An experimental Portuguese stem cell trial has resulted in a woman developing a nasal growth on her back.
In 2006 the anonymous woman attended a Portuguese hospital where tissue containing olfactory stem cells were taken from her nose and implanted in her spine. The hope was that these cells would develop into neural cells and help repair nerve damage in the woman's spine.
Eight years later she had a spinal growth removed in a US hospital. Doctors investigated the growth and discovered it to be composed of “mostly of cysts lined by respiratory epithelium, submucosal glands with goblet cells, and intervening nerve twigs”.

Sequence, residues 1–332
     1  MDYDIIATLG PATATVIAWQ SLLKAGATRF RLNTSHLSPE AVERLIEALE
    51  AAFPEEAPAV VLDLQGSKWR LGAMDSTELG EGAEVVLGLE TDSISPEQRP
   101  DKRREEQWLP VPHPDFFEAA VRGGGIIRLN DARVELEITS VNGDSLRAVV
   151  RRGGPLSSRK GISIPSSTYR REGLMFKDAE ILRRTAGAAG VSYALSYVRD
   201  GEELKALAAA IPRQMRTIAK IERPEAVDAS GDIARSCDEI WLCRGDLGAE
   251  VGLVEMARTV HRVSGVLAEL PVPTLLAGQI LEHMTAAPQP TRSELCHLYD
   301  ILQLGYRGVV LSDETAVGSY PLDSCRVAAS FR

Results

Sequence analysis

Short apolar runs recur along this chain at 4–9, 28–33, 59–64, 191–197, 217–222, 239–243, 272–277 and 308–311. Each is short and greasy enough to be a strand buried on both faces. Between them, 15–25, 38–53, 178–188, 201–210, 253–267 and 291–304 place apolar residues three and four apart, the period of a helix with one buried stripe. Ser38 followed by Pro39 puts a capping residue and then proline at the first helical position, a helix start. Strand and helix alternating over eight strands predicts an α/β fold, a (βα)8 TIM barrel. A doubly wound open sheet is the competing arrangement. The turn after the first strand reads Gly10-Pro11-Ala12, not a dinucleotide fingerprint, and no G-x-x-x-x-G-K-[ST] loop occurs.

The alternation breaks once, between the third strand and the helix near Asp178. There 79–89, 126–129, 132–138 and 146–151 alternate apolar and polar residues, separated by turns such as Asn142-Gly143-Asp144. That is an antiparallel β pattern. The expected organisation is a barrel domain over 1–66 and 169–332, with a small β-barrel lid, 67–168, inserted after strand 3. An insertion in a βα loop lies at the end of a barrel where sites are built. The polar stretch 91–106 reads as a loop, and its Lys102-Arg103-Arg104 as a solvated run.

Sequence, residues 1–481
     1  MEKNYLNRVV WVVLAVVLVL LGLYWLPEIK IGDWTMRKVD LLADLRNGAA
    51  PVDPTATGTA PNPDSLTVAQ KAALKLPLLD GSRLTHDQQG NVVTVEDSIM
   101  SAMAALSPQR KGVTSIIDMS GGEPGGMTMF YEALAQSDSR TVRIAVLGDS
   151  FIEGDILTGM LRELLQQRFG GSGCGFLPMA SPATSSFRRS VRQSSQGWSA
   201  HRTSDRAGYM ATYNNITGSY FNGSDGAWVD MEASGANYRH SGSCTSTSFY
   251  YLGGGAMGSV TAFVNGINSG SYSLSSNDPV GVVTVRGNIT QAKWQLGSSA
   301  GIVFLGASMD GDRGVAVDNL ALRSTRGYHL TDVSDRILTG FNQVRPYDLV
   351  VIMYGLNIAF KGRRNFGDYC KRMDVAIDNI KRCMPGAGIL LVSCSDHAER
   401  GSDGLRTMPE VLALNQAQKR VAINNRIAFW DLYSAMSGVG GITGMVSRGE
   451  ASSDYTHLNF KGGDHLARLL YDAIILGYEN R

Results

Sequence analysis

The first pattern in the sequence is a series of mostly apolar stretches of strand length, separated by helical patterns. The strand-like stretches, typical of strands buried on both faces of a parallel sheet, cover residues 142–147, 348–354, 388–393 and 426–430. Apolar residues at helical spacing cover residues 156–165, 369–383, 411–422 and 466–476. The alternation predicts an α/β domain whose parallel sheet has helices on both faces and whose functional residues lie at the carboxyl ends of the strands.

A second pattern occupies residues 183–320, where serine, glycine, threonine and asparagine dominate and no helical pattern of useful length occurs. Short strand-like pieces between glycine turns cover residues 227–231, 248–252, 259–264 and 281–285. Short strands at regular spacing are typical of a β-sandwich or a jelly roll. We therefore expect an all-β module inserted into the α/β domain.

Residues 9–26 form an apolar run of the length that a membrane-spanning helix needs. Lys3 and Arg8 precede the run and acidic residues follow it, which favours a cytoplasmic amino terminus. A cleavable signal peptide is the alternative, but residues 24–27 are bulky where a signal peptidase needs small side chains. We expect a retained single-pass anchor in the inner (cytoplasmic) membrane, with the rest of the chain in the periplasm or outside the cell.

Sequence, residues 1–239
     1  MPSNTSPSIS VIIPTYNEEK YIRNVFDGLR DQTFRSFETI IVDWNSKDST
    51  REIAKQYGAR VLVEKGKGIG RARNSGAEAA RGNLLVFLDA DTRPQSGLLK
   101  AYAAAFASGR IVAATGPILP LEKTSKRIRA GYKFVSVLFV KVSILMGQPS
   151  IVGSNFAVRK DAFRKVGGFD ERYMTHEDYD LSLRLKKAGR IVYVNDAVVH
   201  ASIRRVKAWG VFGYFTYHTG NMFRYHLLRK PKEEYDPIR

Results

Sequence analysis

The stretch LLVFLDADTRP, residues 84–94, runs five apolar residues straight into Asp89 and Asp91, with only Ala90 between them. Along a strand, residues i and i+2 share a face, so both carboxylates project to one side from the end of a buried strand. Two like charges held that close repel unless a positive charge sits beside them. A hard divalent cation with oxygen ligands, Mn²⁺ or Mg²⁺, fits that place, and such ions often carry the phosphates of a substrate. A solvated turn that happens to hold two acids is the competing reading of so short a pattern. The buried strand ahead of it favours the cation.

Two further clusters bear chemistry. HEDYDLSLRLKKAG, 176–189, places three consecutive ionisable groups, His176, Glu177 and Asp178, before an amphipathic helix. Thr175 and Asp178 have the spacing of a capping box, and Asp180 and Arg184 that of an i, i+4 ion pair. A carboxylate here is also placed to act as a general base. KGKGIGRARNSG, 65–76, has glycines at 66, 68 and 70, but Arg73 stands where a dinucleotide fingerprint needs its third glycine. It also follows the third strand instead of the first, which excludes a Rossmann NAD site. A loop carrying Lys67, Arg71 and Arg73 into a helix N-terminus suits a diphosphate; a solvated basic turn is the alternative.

The cells had continued to grow as olfactory cells rather than morph into neural tissue. The growth was secreting a “thick, copious mucous-like material” which seems to have been pressing against the patient’s spine, causing considerable discomfort.
“It is sobering,” says George Daley, a stem cell researcher at Harvard Medical School who has helped write guidelines for people considering stem cell treatments. “It speaks directly to how primitive our state of knowledge is about how cells integrate and divide and expand.”
The case shows that experimental stem-cell treatment remains risky even when carried out in respectable hospitals.
The findings of the investigation were published online the month in the Journal of Neurosurgery.
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